What a difference demand makes. Sixteen years ago, the U.S. planted 75.5 million acres of soybeans and had 574 million bushels (mb) left over at the end of the 2006-07 season. China's economy was just starting to grow after a long history of widespread poverty and consumed 1.68 billion bushels (bb) of soybeans, or 20% of the world's soybeans.
This spring, the U.S. is expected to plant a record high 91.0 million acres of soybeans and may only have about 200 mb or less on hand when the new harvest arrives. China is now the world's second largest economy and is expected to consume 3.99 bb or 30% of the world's soybean in 2021-22. Cash soybeans that were less than $6 per bushel in 2006 are now trading well above $16 across most of the Midwest.
As big an elephant as China has been in changing the landscape for U.S. soybean demand the past two decades, another bullish wave is now carrying that demand to even higher peaks. The relatively new creation of renewable diesel, a superior version of traditional biodiesel that is said to be chemically identical to petroleum diesel, is attracting large investments from both traditional soybean processors and the petroleum industry.
DTN Ag Policy Editor Chris Clayton wrote about the demand potential of renewable diesel in the soybean market on Dec. 16, 2021, (https://www.dtnpf.com/…). I've also talked about this at events over the winter. But what we didn't know then that we are starting to see now is that these plans to invest in greater plant capacity aren't just staying on the chalkboard -- they're happening right now.
According to the April 29 report from the Department of Energy (DOE), renewable diesel plant capacity remained at 1.468 billion gallons per year in February, up 86% from a year ago, and is gaining on traditional biodiesel capacity of 2.232 billion gallons per year. The DOE also said 741 million pounds of soybean oil were used for making biofuels in February, down from 791 million pounds in January, but up 34% from a year ago.
In DTN's daily market comments, we've been talking about seeing a rise in crush values since late December 2021. Whether we look at July futures prices or USDA's Illinois Weekly Soybean Report, crush values continue to stay ahead of the rise in soybean prices and are offering soybean processors highly attractive margins, much more than the historical norm.
In older days, it was the growing demand for soybean meal that typically led the charge to crush more soybeans. Today, meal demand remains impressive, but it is the demand for bean oil that is leading the way. As of Thursday's close, April. 28, July soybean oil is up 26% this month to 86.60 cents per pound, posting three new all-time highs this week.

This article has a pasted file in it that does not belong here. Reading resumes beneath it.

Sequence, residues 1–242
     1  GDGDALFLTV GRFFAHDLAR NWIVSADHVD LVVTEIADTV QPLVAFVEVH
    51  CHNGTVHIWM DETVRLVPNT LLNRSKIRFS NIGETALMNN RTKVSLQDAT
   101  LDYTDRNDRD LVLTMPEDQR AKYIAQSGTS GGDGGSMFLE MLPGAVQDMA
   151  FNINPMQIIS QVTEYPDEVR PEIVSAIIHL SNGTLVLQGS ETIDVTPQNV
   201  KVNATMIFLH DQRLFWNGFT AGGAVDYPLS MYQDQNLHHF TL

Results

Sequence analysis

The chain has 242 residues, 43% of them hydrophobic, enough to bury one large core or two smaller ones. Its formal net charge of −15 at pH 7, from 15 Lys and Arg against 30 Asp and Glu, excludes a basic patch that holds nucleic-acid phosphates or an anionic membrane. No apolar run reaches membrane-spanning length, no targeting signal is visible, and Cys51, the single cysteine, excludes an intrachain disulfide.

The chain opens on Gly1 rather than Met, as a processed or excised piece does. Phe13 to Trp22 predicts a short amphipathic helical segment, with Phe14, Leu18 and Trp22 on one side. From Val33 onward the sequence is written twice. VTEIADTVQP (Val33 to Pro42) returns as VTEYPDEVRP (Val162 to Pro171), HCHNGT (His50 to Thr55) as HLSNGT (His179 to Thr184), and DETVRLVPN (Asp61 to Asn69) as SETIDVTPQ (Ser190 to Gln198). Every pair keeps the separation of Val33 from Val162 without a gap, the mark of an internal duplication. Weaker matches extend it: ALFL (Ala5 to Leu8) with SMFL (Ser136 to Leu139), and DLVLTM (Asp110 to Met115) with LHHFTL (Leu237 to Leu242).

Even if we knew nothing about the dramatic changes taking place, the futures spreads are telling much of the story. With first notice day on Friday, April 29, Thursday's May bean oil price of 90.60 cents a pound is 4 cents above the July, a strong indication of how eager commercials are to take delivery and secure physical supplies.
In the U.S., soybean oil is the main ingredient of interest for making biofuel. But around the world, the enthusiasm for going green has the entire world vegetable oil supply in a historically tight situation. There was some initial confusion this week, but Dow Jones reported that Indonesia, the world's largest producer of palm oil, banned palm oil exports Thursday to protect supplies at home. This is also a time when Ukrainian farmers will probably not be able to provide the world with its leading supply of sunflower oil exports.
With world crude oil supplies in a tight situation and many countries joining the effort to ban Russian oil, the push to make biofuel from soybean oil is on and, frankly, things might get a little crazy, especially after Brazil's soybean crop was hit by drought earlier this year.
This is no time for mere mortals to be predicting tops in either the soybean or soybean oil markets -- this is a time to get planting as soon as weather conditions allow.
Best wishes on a new crop season.
Comments above are for educational purposes only and are not meant as specific trade recommendations. The buying and selling of grain or grain futures or options involve substantial risk and are not suitable for everyone.
Todd Hultman can be reached at Todd.Hultman@dtn.com
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